The New York Times
Twenty-four years ago today, a 78-year-old ayatollah with fierce eyes named Ruhollah Khomeini landed in an Air France plane to make a revolution.
As it has done every year since then, the Islamic Republic that was created in his name is celebrating the 10 days between his arrival and the surrender of the shah's army.
Big colored lights were strung on the city squares and public buildings. Iranian flags hung from lampposts. An honor guard on horseback waved bright red banners. Parachutists jumped from helicopters on huge rainbow-hued kites. Paintings and billboards were hung throughout the capital with sayings like, “The revolution was victorious only because of the sacrifices of our martyrs.”
But the revolutionary fervor that moved a nation to sacrifice for so long evaporated long ago. Ayatollah Khomeini promised a heaven on earth in which the poor and the oppressed masses would rule and be free. Instead, the country is plagued by political paralysis, corruption, unemployment, social restrictions and uneven and unnerving repression. A fierce guerrilla battle wages between those claiming to speak in the name of Islamic purity and those who call themselves democrats.
Iranians love to rhyme, and street vendors and taxi drivers have taken to calling the 10 days of “fajr,” meaning dawn, the 10 days of “zajr” — torture. There is so little zeal left that even the apparatus of the Islamic Republic, with its revolutionary foundations, the police and the Armed Forces, made almost no effort to mobilize the masses today.
Nowhere was that more evident than at Behesht-e Zahra cemetery. That was Ayatollah Khomeini's immediate destination 24 years ago, where he honored those who lost their lives under the regime of the fallen shah and vowed to topple the monarchy forever. He was so badly jostled by the wave of people trying to touch him that his turban fell off.
Today, despite an official call to pray and remember, only about 300 men and a few dozen women came. Many of the folding chairs brought in for the occasion were empty. Schoolgirls in pale blue head coverings and royal blue coats came on a field trip not to honor Ayatollah Khomeini but to visit the tomb of a rival ayatollah who was silenced after he objected to the intrusion of religion into politics.
A soldier on guard duty cried out — about fatigue. “My legs are breaking,” he shouted to a colleague.
The anniversary of the coming of the ayatollah has set off the memories and recalled the dashed dreams of revolutionaries like Mohsen Sazgara, a leading reformist writer. A college student in the United States when Ayatollah Khomeini set himself up in exile in Paris in 1978, Mr. Sazgara quit school and borrowed $200 to join him there. He was one of the 190 aides and journalists on the historic plane trip.
“I remember the night before we were going to leave on that plane that Imam Khomeini called us together and said: 'This journey may have some dangers. Everyone who wants to stay behind, please stay.' But everyone said, 'We want to be with you.' We were ready to be martyred.”
In the early part of the revolution, Mr. Sazgara worked to shape the official radio and the Revolutionary Guards. Then he fell from grace.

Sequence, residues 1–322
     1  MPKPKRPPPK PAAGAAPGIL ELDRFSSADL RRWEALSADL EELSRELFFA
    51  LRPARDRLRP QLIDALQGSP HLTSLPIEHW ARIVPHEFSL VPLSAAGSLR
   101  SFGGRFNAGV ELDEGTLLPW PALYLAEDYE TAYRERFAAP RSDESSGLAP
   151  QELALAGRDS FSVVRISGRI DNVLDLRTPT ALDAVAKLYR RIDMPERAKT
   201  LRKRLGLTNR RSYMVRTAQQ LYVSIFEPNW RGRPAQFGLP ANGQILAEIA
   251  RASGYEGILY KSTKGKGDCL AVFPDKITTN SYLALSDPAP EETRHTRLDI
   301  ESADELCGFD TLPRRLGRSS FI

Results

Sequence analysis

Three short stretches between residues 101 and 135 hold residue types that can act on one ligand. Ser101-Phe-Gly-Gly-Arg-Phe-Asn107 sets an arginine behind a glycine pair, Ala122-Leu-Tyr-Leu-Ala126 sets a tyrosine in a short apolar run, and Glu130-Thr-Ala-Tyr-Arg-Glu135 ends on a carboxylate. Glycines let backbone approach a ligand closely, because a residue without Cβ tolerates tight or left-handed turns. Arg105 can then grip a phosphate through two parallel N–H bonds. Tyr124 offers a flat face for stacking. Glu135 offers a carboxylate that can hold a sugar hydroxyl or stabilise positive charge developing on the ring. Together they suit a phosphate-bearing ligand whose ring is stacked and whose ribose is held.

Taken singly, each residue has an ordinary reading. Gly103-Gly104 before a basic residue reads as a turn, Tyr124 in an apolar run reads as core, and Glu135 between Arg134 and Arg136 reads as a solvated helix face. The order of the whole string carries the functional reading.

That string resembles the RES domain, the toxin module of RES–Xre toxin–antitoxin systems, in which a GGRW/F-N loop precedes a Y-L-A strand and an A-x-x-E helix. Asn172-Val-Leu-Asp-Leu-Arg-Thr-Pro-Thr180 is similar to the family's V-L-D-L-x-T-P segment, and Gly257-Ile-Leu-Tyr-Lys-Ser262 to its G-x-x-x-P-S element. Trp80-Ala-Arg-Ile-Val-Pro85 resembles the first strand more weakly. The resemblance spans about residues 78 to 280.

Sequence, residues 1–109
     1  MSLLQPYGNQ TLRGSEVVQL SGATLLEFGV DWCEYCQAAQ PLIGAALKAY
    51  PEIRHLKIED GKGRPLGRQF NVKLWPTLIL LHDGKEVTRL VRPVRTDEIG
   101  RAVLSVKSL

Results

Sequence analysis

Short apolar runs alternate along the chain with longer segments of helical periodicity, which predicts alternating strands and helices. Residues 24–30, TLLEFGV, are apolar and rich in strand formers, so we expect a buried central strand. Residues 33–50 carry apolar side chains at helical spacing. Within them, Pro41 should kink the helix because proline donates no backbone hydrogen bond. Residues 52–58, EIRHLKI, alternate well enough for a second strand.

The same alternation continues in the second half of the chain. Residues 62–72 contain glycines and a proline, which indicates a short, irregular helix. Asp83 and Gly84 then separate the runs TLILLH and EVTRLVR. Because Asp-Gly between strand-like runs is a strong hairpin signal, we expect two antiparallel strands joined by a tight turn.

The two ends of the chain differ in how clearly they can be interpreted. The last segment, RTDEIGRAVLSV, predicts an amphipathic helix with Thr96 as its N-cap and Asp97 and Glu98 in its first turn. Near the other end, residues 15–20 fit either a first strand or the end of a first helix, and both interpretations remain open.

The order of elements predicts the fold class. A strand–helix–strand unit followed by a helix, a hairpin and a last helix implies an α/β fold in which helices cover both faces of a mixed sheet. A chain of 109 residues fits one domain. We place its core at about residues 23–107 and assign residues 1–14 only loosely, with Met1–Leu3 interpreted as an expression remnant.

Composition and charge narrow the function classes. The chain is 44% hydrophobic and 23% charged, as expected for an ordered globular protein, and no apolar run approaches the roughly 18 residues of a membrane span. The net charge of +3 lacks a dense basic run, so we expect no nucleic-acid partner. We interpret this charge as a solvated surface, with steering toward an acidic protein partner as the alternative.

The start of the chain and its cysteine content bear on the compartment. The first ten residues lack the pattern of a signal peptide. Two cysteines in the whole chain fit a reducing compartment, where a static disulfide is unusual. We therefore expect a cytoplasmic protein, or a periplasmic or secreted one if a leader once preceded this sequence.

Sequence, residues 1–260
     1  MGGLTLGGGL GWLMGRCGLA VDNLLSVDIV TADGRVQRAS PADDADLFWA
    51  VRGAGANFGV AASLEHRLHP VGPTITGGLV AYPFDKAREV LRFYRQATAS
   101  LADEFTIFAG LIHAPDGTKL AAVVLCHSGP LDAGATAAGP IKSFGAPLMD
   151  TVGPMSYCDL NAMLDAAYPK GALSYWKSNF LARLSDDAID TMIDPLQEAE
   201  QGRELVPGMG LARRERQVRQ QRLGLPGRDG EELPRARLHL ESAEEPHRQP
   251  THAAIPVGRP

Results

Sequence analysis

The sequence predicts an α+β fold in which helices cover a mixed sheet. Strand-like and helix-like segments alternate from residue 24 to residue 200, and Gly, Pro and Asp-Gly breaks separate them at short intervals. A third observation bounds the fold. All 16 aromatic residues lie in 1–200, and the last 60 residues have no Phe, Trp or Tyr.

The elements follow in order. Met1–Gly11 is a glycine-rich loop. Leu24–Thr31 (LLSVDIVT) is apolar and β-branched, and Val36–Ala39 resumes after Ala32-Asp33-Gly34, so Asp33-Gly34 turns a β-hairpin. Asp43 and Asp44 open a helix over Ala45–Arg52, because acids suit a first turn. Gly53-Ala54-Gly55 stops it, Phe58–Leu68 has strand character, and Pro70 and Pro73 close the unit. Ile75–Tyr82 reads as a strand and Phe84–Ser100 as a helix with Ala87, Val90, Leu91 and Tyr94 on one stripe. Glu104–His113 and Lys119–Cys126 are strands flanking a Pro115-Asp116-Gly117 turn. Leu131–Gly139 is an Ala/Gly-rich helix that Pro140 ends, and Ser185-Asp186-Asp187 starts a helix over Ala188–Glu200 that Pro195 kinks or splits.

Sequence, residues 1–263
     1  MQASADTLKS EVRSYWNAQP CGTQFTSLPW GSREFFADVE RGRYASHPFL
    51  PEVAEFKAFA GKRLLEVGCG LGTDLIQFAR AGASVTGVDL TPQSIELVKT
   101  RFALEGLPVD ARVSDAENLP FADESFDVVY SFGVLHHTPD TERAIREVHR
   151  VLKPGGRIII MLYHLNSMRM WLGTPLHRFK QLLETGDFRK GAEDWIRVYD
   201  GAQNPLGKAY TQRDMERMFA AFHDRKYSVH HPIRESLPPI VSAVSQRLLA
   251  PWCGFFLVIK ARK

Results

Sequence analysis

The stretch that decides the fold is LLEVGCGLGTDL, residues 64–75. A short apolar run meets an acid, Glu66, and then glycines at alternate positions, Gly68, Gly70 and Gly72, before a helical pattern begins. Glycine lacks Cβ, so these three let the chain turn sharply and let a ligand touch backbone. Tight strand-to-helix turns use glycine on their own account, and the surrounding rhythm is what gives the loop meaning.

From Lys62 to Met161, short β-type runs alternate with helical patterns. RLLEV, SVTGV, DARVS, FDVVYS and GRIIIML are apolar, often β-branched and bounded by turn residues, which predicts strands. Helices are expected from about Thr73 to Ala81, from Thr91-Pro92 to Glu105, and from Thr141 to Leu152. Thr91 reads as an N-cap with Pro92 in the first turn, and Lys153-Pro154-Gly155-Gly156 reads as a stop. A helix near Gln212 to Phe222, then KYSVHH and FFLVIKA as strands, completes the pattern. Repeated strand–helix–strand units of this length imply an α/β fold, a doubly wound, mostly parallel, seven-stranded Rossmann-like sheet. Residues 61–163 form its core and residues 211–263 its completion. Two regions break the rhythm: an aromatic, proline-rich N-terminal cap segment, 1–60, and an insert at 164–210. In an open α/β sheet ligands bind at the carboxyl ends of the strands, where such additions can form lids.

“Gradually they considered me part of the opposition,” he said. “I write books and they don't allow them to be published. I started a newspaper and they shut it down. I was teaching history at a university and they stopped me.
“Let me confess something to you. My son just graduated from university this semester. Once he asked me, 'O.K., father, is it good that you were in the United States and gave up your studies and went to Paris and came to Iran to make this government?' I said: 'You're right. We made a mistake.' ”
That sense of defeat is felt even in clerical circles in Qum, the country's training ground for clerics.
For Mohammad Ali Ayazi, a mid-ranking cleric who is in the vanguard of the clerical movement to reform the Islamic Republic, Feb. 11, 1979, the day when the shah's army surrendered, was “the happiest day” of his life. On that day, the revolution triumphed, and Mr. Ayazi's first child, Yasser, was born.
But Yasser Ayazi, a physics major in Qum, will not celebrate the anniversary. “People are not too happy these days,” he said. “People need a democratic Islamic republic and justice, but I see a lot of problems still untouched, unsolved. So I am not feeling particularly warmly toward this celebration.”
Ayatollah Khomeini died in 1989. But even at the shrine where he and his son Ahmed are buried, there was little Islamic fervor today.
None of the country's major political figures came to speak, and it was left to Hassan Khomeini, the ayatollah's grandson, to address the crowd. As he has done in past years, he praised his grandfather as “a selfless hero” who sacrifice all for the revolution.
“We should value the achievements of the revolution,” he said. “This is a country that elects its own president, its own Parliament, its own leadership.” By contrast, he said, George W. Bush was elected president “fraudulently with the power of the judiciary behind him.”
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